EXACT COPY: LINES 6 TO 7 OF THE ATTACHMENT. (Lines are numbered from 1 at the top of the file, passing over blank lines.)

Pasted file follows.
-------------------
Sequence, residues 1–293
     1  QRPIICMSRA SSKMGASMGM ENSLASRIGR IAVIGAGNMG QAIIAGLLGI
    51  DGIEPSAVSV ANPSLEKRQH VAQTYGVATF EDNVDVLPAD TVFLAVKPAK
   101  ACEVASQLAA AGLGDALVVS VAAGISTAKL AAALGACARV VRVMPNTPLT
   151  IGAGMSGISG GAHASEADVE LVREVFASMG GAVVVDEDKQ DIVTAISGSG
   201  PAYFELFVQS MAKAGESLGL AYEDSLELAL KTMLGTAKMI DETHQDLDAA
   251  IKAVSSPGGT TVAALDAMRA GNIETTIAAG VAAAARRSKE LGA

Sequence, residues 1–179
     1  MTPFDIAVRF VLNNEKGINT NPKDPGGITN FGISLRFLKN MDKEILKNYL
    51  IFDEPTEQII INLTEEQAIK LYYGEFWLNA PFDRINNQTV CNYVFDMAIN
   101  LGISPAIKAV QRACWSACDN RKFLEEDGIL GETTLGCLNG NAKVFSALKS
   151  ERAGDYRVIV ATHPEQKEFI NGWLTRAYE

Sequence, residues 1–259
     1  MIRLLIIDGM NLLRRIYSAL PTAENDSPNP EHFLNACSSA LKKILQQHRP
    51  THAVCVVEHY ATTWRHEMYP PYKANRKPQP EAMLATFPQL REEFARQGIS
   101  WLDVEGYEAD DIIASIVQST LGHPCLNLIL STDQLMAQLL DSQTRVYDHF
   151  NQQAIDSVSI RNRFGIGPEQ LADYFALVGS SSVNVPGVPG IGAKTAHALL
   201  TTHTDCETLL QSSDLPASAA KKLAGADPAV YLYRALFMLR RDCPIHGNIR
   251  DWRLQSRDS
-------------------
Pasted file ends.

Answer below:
   201  PAYFELFVQS MAKAGESLGL AYEDSLELAL KTMLGTAKMI DETHQDLDAA
   251  IKAVSSPGGT TVAALDAMRA GNIETTIAAG VAAAARRSKE LGA